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(8-Week Mindfulness for Health & Happiness Course)

"I would recommend this course to anyone who gets depressed because it does offer you a variety of coping strategies and it does put an element of joy into the everyday regardless of the bad stuff that may be going on.

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Frances    Sheffield, UK   
Frances    Sheffield, UK   
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(8-Week Mindfulness for Health & Happiness Course)

"I would recommend this course to anyone who gets depressed because it does offer you a variety of coping strategies and it does put an element of joy into the everyday regardless of the bad stuff that may be going on.

I really enjoyed being part of the group - the pleasure of all that work going on so intensely and with such good humour and generosity.

Before, I was feeling very stressed about a particular issue, over which I've not real control. And felt that I was losing touch with the creative bit of myself. At the end of the course I think I am handling things a bit better and beat myself up less for not being massively successful in every single thing I do. I don't assume a difficult time is all down to THE WAY I AM rather than a whole lot of factors. It’s now easier to shift myself out of the really grim mode.

Thanks for everything"

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5 Easy Mindfulness Exercises for Anxiety Attack Relief

An anxiety attack happens when you’re anxious or deeply worried about what might happen in the future. These vivid worries can make you feel as if those awful things are actually happening right now. A great way to find relief from anxiety attacks is to learn and practice mindfulness.

To be mindful means to simply pay attention to what’s actually happening in the ‘here and now’. This gives your mind a ‘break’ from it’s anxiety-producing loops. man-with-an-anxious-mind-SIn this article, you’ll find 5 easy mindfulness exercises to help bring you back to the present moment and help decrease the likelihood of a full blown anxiety attack.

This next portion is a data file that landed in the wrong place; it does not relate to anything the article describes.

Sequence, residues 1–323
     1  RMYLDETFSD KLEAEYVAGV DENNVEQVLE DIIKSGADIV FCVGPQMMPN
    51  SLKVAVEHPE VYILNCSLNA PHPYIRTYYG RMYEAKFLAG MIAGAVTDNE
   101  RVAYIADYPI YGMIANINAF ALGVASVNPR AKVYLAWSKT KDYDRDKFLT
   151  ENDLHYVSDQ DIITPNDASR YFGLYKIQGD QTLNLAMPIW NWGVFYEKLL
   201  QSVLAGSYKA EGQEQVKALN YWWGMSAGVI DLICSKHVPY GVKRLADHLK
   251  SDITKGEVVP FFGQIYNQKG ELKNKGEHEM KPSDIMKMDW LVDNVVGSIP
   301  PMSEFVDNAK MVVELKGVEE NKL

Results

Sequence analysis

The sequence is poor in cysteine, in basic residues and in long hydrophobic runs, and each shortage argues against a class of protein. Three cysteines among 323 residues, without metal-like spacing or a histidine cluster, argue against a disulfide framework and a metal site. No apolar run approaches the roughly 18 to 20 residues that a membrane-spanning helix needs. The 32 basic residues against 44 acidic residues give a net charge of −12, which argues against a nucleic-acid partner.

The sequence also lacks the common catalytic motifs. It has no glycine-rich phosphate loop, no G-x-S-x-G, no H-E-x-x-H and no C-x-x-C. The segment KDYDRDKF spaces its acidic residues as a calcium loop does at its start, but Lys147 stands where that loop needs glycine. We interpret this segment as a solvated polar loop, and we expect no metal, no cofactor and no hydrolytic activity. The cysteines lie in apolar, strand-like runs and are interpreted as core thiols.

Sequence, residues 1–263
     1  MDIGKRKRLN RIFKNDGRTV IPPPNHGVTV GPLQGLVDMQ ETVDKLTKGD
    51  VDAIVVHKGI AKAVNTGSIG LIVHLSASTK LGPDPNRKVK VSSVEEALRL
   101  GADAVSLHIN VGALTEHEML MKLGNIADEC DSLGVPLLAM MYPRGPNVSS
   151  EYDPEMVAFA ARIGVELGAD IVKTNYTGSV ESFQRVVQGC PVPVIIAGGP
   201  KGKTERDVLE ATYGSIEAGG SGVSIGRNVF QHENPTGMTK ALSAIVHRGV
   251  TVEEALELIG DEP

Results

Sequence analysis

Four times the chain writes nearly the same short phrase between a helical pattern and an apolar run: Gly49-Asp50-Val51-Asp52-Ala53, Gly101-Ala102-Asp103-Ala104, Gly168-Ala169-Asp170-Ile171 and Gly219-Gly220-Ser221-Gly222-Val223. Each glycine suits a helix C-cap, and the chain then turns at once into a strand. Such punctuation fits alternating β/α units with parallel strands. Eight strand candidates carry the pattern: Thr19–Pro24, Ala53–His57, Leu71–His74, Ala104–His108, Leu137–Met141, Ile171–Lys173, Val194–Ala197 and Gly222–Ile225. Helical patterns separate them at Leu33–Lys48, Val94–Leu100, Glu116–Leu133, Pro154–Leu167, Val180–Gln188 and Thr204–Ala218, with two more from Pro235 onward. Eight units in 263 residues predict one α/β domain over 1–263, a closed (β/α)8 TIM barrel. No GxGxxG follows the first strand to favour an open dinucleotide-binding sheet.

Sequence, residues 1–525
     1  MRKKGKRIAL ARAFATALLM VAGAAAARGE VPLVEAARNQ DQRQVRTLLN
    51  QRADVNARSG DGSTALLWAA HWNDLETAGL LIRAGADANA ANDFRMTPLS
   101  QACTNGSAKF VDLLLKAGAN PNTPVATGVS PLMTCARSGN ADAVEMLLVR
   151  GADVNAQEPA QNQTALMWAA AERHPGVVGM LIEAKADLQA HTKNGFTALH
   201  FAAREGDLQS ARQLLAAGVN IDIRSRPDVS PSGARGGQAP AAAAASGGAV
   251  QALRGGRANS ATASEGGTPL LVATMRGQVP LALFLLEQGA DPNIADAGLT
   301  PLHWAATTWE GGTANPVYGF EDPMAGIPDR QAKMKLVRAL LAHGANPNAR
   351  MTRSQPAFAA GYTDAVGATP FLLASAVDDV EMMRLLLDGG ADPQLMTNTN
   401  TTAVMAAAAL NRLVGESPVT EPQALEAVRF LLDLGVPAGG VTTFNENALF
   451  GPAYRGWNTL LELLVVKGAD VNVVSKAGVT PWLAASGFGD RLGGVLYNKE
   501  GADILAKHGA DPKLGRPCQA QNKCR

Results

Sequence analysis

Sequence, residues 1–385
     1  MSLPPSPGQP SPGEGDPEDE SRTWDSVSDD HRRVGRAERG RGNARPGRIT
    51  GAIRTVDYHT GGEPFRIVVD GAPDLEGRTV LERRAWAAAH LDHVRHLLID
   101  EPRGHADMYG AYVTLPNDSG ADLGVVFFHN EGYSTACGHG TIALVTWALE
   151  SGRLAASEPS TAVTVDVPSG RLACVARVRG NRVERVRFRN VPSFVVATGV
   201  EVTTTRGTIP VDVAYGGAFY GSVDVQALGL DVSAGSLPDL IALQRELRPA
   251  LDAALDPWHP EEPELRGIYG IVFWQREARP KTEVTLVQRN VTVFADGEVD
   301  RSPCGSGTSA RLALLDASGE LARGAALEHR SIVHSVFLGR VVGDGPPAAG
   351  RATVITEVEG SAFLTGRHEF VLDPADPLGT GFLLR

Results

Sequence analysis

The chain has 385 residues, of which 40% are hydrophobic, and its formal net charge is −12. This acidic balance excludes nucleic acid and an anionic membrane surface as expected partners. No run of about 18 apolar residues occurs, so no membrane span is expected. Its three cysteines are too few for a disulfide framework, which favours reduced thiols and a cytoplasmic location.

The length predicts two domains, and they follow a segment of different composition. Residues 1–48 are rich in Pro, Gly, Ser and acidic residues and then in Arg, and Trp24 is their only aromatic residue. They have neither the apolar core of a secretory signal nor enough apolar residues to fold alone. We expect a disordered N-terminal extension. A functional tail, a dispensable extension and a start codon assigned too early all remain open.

Practicing mindfulness regularly is a great way to increase your overall sense of calm. This also helps decrease your risk of suffering from future anxiety attacks as well.

Mindfulness practices can be short and simple. Their purpose is to shift your attention from your anxiety producing thoughts onto the actual experience of what’s happening now.

These exercises are intended to be learned and practised when you’re not experiencing anxiety, so they are ready to be used when you are. 

Easy Mindfulness Exercises

  • Take a short pause and ask yourself – ‘how do I feel? Observe how you’re truly feeling, and identify what your emotions are. Once you’ve identified and labelled them, say out loud (if that’s appropriate) how you’re feeling. Then acknowledge that fact with a friendly kindness towards yourself.
  • Identify the noise level of where you are right now. What can you hear? Are you in a quiet or loud environment? What are the reasons behind the noise level of your surroundings? Listen to the soundscape with curiosity and appreciation. These are the sounds of life that surround us.
  • Take a look at what’s in front of you and say out loud (again, if appropriate) what it is and what it looks like. Take notice of the details, shapes, textures and colours.
  • Notice how you are breathing. Just observe – is it fast, slow, deep, shallow, smooth, jerky, or are you holding your breath? Just notice without judgement or needing to change anything.
  • Trick your brain into releasing ‘happy chemicals’ by placing  a kind smile on your face. Even if you don’t feel like smiling, do it anyway and notice any sensations that happen. After 30 seconds notice any subtle changes in your state.

Mindfulness Practice: How Long Does It Take?

Formal mindfulness practices can take seconds, minutes or hours. All the above can be done in less than a minute to interrupt unhelpful thought habits. This means you can never be too busy or stressed to practice. It’s a good idea to practice some of these mindfulness exercises at least two times each day or whenever you remember. You can start by setting aside 30 seconds in the morning and another 30 seconds in the afternoon or in the evening. As your endurance towards practicing mindfulness increases, you can slowly increase the frequency or the length of your exercise.

Keep in mind that it’s important for you to be consistent. Practicing daily mindfulness exercises for even as short as 30 seconds each time is better than doing it 30 minutes once a week. Practising mindfulness doesn’t have to take away your precious time. What matters is that you’re regularly checking in with yourself and bringing yourself to focus on the ‘here and now’. Soon you’ll notice how the quality of your life is improving.

How to learn mindfulness

The best way to learn mindfulness is through classes or personal coaching where you can be guided by an experienced teacher. Training your own mind to work more usefully for you can be a tricky business, it’s far easier with some experienced external help. If you’re suffering from high levels of anxiety we would recommend talking with us about out therapeutic coaching using mindfulness practice. We have the expertise and experience to work with you at your own pace to get you comfortably get past anxiety.


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